At one point in the interview, I asked if residents are questioned about health issues when filling out the application forms. Christina replied “yes.” But, she quickly followed by saying: they don’t seem to take what folks express into consideration. She mentioned that she’s had 11 surgeries on her ankle and has extreme trouble walking, especially upstairs. She’s even scheduled for another surgery in July. After telling the PHA officers about this in her application, they still placed her in a 3 story walkup.  In the case of public housing, it’s important to understand that it all comes down to what’s available; but, by at least clearly communicating that point, residents won’t feel like they’re getting shafted or ignored.

Every public housing management crew is different

Depending on where you live makes all the difference in the quality of service you may get while living in public housing. The WYL team has met with many government officials and they constantly speak to the inconsistencies in how the public housing space is run. This same sentiment was shared by the residents.

Chandra and Christina both mentioned that the management gives off vibes of “the tenants should just be happy they have a home and settle for whatever…” While there is truth to being grateful for your home, there also is a need to treat humans like humans and not think of them as ‘less than.’ There’s virtually no use of modern technology in assessing maintenance requests or filing complaints. You simply make a call and talk to the person in the office that day. You’re not even given a confirmation number or a finite date in which a maintenance issue will be handled. Additionally, this is a government agency, yet they don’t always hire certified people to do maintenance work. Christina had holes all throughout the bottom of her walls from shotty carpentry work. When they finally had a professional come out, they said the entire thing was done incorrectly.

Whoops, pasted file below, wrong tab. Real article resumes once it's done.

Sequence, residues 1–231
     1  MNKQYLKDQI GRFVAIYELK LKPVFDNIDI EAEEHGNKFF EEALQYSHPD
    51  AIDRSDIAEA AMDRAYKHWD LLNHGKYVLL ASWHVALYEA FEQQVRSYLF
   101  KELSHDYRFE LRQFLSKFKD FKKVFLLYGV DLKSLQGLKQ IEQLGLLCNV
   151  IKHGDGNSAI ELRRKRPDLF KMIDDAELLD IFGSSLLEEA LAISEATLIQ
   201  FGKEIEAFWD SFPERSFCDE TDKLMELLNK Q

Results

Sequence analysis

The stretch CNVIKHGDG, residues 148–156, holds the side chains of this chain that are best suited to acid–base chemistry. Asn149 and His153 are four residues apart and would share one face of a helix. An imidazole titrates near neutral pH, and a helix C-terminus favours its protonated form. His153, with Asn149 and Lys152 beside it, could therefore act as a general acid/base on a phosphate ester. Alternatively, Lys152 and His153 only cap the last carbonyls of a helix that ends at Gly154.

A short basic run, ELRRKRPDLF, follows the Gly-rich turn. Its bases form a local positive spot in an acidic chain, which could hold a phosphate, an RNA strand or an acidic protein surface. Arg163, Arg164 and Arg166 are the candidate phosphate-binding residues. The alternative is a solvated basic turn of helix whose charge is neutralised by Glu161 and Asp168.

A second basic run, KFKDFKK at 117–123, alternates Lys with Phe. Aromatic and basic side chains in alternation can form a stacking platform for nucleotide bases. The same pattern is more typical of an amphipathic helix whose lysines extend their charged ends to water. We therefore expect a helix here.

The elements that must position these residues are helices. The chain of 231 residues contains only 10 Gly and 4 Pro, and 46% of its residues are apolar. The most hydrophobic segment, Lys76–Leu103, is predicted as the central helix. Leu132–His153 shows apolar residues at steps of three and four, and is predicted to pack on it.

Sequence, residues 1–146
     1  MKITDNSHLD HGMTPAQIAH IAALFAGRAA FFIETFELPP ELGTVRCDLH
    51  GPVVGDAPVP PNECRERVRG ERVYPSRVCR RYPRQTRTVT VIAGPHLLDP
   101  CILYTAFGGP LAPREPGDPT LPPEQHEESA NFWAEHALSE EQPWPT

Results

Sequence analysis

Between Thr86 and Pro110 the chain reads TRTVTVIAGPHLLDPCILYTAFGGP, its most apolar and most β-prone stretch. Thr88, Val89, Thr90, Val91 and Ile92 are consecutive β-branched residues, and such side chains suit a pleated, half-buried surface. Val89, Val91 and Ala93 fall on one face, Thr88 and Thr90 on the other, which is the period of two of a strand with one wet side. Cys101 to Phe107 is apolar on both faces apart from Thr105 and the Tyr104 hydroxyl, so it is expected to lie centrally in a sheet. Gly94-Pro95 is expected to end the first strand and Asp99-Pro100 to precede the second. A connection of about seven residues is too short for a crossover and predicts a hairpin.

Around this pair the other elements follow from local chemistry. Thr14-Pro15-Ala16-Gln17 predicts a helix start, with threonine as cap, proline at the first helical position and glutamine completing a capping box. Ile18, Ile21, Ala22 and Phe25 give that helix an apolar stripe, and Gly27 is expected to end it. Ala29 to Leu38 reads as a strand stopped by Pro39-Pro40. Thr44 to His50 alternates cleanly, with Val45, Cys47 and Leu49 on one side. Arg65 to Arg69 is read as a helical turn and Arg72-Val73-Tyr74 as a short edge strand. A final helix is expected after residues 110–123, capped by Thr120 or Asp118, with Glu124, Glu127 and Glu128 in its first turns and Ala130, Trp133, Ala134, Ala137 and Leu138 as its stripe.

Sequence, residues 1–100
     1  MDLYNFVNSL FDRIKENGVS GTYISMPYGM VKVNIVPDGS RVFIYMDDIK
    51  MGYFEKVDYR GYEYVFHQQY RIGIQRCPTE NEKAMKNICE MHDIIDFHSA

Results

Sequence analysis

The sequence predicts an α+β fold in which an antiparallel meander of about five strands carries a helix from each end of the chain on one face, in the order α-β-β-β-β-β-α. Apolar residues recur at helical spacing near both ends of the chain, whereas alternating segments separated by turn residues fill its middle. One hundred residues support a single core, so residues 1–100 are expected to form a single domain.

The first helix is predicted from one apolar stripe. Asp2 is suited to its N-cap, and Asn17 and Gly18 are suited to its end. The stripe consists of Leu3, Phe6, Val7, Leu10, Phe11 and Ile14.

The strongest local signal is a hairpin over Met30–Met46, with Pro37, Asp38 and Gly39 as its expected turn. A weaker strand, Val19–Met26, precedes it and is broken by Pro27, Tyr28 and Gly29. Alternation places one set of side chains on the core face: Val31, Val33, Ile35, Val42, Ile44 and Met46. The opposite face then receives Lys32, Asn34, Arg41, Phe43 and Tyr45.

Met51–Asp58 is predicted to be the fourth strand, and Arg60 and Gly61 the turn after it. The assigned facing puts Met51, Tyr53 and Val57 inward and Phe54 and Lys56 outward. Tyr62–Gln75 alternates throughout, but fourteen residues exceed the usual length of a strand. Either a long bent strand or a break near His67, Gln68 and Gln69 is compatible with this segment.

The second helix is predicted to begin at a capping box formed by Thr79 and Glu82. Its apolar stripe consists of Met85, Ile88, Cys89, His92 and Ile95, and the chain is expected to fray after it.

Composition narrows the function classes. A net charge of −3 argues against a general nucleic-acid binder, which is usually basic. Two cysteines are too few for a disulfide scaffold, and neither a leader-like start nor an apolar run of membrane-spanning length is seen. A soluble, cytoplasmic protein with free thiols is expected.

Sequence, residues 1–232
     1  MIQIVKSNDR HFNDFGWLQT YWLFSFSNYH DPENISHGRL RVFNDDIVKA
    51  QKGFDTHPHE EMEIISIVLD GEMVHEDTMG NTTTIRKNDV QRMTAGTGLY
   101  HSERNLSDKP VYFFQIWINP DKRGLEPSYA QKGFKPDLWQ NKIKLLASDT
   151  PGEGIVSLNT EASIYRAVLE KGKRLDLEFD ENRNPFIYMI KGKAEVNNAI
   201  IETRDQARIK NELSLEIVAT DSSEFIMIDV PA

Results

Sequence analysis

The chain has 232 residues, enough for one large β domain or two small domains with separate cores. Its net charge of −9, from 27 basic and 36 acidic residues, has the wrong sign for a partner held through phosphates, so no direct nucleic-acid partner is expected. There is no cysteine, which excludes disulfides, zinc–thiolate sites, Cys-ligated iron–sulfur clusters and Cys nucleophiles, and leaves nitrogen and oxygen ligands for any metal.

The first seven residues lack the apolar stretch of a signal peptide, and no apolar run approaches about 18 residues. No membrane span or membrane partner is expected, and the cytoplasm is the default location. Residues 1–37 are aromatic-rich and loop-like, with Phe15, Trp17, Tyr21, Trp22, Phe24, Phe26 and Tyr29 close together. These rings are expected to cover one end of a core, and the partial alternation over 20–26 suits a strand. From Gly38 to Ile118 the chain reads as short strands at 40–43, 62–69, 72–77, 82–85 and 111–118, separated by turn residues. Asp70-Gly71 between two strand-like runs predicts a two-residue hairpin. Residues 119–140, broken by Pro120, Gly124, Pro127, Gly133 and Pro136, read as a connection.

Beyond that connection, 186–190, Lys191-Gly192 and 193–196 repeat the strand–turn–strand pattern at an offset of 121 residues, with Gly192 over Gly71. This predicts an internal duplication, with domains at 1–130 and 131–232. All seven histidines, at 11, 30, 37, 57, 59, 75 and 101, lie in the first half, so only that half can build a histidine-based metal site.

Chandra and WHH are doing amazing things

Although much of this interview looked at the ways in which public housing needs to improve, it’s important to highlight and raise up the great work people are doing in the community to make things better.

During my interview with Christina, she couldn’t stop expressing how much of a Godsend Chandra and her organization were. WHH purchased the furniture and even designed and outfitted the entire interior of the home. Between the family and WHH, they meet once a month, now that Christina and her children are no longer in the shelter, just to check in, catch up, and have a good time.

It was truly a blessing for me to watch how they interacted. Chandra is a young, driven woman and a single mother of her own two little ones, who attended the visit as well and were super courteous and respectful of Christina’s family. While her sons caught up on Game of Thrones, we held the interview in the living room.

My favorite moment of the interview

I asked Christina what’s next for her and her family. To which, she replied: “I’m appreciative of all Chandra has done for us; but, she and I both know this isn’t the last stop for us. I’m going to live and progress here and then we’re on to our real home.” One in which the government need not assist them in any way.